California Genealogy and History Archives
San Bernardino County and Riverside County
DAVID HIRAM RODDICK is the son of an honored pioneer of the Highland district of San Bernardino County, and while educated for a profession he has found more congenial work in the fundamental industry of this section, citrus fruit growing.
He was born at South Highland July 19, 1890, son of Samuel Donald and Ellen (Hume) Roddick. His parents were born in Picton County, Nova Scotia, where Samuel Roddick followed farming. In 1887 he brought his family to South Highland, and without capital to secure a stake in the country he resorted to ranch labor for Cunningham & Stone for twelve years. Out of his savings he purchased fifteen acres, and attempted to grow fruit without irrigation. He started the entire tract to peaches and also erected a dryer. There followed a succession of dry years and failure of water, which destroyed the orchard and the land reverted to the desert. With a faith in the ultimate destiny of the country that knew no permanent obstacle he bought in 1906 a thirteen and a half acre producing grove on Highland Avenue from the banker, Ed Roberts. The purchase price was $21,000, and he gave Mr. Roberts notes in payment. These notes were all discharged in four years. A stimulating example of industry and persistence was that set by Samuel D. Roddick. He frequently worked ten hours a day digging cactus at $1.50 a day, and all the children old enough aided him in paying off the debt. Later he bought ten acres on Atlantic Avenue, and that was his home at the time of his death on March 17, 1916. He was a pioneer in Highland, came here when the country was largely undeveloped, and his extreme energy and economy brought him a generous estate. No road was too hard and no day too long, and he steadily went his way and succeeded in establishing himself and family financially and also in the estimation of the community. His widow survives. They reared six children to maturity: James Robert, the oldest, now a druggist at Muskogee, Oklahoma; William Henry, an orange grower at Highland ; Mrs. Will Painter, wife of a San Bernardino dairyman; George Melville, a clerk at Highland; David Hiram, and Howard Russell, who had an interesting record of service in the World war. He volunteered at the first call in the Ambulance Corps as an ambulance driver with the Medical Corps, was trained at Fort Riley, Kansas, was overseas eighteen months, and was in the thick of danger along the battlefront for a hundred days at Chateau Thierry, the Argonne, St. Mihiel, and finally proceeded with the Army of Occupation to Coblenz. He escaped unwounded.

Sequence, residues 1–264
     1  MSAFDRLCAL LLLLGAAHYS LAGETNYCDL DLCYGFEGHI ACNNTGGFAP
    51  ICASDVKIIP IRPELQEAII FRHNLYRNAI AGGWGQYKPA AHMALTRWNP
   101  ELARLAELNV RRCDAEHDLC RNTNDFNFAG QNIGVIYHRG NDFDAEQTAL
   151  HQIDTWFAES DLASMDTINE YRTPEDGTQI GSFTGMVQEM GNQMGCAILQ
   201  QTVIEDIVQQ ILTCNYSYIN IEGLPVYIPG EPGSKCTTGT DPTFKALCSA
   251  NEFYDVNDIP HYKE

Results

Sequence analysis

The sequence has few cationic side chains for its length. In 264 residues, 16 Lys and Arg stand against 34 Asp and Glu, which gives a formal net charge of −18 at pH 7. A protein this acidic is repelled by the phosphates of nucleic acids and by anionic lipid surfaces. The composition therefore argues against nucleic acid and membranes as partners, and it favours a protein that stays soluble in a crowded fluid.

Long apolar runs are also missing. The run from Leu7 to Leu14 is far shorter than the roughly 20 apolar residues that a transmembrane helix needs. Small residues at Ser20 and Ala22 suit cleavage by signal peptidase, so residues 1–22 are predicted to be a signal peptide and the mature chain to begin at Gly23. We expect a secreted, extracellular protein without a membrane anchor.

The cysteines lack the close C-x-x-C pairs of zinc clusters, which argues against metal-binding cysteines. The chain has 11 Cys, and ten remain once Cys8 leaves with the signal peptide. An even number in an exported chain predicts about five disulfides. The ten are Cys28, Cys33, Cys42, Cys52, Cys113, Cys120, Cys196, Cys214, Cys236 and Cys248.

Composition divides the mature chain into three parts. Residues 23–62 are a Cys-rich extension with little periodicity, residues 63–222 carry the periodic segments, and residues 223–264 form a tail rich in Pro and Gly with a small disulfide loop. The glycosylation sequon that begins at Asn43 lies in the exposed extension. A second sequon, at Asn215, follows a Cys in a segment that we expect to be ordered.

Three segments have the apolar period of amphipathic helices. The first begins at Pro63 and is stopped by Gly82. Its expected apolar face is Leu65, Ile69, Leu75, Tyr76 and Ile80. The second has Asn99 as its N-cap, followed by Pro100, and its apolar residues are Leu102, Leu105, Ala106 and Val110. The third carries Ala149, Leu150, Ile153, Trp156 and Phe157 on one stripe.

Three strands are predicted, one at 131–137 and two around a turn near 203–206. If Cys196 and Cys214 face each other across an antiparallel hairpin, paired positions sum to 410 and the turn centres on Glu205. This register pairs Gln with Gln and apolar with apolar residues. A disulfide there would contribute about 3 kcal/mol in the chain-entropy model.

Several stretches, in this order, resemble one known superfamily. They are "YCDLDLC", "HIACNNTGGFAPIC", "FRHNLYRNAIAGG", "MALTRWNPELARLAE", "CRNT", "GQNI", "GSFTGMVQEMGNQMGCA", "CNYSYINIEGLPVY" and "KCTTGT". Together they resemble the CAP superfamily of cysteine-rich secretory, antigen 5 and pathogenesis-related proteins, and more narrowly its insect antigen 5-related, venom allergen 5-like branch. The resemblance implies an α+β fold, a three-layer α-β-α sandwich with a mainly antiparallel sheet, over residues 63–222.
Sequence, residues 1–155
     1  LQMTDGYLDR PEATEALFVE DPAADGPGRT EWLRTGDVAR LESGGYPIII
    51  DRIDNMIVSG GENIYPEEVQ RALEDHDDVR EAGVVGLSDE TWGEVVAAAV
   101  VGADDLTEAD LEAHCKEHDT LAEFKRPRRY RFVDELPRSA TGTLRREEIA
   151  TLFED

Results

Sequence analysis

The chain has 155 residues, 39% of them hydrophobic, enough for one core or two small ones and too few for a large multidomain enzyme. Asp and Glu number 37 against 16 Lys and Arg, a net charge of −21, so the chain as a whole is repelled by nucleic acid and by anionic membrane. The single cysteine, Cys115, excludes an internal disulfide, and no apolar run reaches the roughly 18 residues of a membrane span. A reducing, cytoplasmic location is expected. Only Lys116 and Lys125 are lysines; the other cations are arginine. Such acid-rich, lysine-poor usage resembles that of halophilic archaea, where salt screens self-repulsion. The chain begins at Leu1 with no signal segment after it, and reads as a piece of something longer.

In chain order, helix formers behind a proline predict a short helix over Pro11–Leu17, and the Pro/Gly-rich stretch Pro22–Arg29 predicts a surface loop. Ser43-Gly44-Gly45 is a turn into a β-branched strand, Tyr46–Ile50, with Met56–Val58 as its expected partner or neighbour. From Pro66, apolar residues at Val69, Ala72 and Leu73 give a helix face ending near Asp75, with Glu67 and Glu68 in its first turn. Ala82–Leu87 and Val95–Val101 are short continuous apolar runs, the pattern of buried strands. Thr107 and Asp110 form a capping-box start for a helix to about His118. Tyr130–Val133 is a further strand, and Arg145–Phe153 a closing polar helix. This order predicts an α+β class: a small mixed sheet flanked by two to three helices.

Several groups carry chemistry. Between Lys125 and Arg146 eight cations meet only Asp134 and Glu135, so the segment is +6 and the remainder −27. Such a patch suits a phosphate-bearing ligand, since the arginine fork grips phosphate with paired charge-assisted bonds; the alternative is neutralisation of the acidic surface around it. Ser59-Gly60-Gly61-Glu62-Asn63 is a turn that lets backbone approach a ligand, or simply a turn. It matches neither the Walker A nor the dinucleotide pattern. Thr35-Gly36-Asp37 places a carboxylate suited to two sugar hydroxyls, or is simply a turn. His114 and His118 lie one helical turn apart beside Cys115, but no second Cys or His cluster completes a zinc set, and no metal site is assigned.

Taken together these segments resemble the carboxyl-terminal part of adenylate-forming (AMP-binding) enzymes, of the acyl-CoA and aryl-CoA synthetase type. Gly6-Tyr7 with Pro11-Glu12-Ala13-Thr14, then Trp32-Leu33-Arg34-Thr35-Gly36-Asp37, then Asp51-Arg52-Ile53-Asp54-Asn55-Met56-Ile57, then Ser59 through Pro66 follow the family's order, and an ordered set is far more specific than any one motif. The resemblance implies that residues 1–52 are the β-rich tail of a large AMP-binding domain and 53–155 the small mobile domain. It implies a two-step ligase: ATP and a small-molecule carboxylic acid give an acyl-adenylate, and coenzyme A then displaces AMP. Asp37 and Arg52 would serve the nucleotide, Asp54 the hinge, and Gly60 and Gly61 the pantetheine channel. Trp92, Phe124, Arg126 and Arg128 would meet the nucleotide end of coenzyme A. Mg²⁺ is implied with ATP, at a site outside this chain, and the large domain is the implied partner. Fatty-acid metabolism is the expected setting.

David Hiram Roddick acquired a good education, his father having passed the critical affairs in his financial affairs by the time he was prepared for school. He graduated from the San Bernardino High School and in 1913 received a degree as a pharmacist from the University of Southern California. Instead of following his profession he took up orange growing and in 1917 bought sixteen acres on Boulder Avenue in Highland, this tract being planted to Valencias, Navels and also the grape fruit. It is a high class ranch with a modern home.
Mr. Roddick married Miss Lida Garrett, of Los Angeles. She was born in Colorado in 1894, but is a graduate of the Long Beach High School. She is retiring president of the Highland Woman's Qub. Mr. Roddick is chancellor commander of the Knights of Pythias. They have one son, Keith Garrett Roddick, born March 21, 1921. The family are members of the Highland Congregational Church.
Transcribed by Peggy Hooper 2011